If you'd like a garden pond, but don't have space, time or money to build a large in-the-ground pond, start small. A wine or whiskey barrel makes an attractive pond, or if you have an old cast-iron bathtub, that's even better. They attract wildlife, take up little space, take no time to build, and need very little upkeep.
Things You'll Need
- A large container such as a half wine barrel, old bathtub, or water trough
- Plastic pond liner (if using a wooden barrel)
- Silicone caulk
- Water plants (water lilies, marginals, and floating)
- Small pots or aquatic plant baskets for the water plants
- Unscented clay kitty litter
- Concrete blocks
Place your pot pond container where you want it. Make sure the ground is packed and level under it, or it is sitting on a patio or pavers. Ponds like sun, so full sun to partial shade make the plants the happiest.
Plug any holes in your container with silicone caulk, or line it with a pond liner to seal. If your pond will be in a wooden whiskey or wine barrel, be sure to line it with a pre-formed PVC plastic pond liner or a heavy rubber pond liner sheet. Barrels that have held fermentations can leach substances into your pond that can upset its ecological balance.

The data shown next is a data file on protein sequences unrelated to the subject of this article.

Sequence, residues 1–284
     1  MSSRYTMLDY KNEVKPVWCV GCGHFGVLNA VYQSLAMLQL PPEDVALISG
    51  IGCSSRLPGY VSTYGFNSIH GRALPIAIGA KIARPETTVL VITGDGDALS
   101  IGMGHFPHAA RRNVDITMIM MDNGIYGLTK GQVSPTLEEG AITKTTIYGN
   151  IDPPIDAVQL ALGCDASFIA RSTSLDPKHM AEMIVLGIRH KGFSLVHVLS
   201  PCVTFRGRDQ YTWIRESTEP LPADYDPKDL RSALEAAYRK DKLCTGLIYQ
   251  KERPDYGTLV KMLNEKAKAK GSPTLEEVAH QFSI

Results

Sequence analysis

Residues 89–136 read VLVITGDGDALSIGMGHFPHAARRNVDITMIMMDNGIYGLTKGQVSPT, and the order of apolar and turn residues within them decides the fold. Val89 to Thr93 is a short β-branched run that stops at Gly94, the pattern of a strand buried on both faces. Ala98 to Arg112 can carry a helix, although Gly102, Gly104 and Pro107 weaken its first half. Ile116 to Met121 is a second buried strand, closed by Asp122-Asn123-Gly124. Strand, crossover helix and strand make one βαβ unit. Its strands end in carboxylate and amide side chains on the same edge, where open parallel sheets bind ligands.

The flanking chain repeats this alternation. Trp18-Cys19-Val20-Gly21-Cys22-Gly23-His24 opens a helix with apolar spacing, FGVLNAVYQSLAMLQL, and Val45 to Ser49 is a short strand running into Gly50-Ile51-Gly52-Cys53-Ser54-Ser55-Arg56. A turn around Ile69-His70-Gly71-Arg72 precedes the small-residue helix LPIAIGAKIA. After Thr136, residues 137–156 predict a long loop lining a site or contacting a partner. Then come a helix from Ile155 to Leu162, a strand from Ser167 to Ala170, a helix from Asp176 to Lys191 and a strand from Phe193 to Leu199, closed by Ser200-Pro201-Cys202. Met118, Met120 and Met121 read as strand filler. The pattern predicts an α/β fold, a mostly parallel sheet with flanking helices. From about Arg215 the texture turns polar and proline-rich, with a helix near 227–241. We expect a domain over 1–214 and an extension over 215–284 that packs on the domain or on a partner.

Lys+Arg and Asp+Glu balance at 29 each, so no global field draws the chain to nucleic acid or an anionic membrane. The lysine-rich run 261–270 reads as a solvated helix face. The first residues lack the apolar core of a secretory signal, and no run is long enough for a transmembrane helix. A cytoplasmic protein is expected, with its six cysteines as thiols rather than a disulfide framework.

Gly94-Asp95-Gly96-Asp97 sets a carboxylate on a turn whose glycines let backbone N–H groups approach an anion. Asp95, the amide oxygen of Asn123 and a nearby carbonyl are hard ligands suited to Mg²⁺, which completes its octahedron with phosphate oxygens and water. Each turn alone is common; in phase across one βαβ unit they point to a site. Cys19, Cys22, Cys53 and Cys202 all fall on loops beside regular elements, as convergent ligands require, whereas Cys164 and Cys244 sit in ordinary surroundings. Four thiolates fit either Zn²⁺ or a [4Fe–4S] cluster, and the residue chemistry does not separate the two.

Place concrete blocks in one end of the tub to set the marginals on, and to provide hidey-holes for the fish in the openings of the blocks. The tops of the marginal pots should be level with the surface of the water.
Place pots with water lilies in the bottom, and pots with marginals on the concrete blocks. It's best to use pots for the plants because their roots are very invasive, and it makes maintaining the pond easier. Soak unscented clay kitty litter to use as potting soil. Regular soil has too many particles that float.
Fill the pond with water. Add some water from standing rainwater, a puddle, pond or ditch as "starter" for your pond ecology. Add the floating plants -- water hyacinth, fairy moss or water lettuce. Add any fish. One or two small feeder goldfish are sufficient -- and can grow fairly large. A pond can support 1 inch of fish for every 5 gallons of water it contains, so a 50-gallon pond could support two fish that grow to 5 inches long each.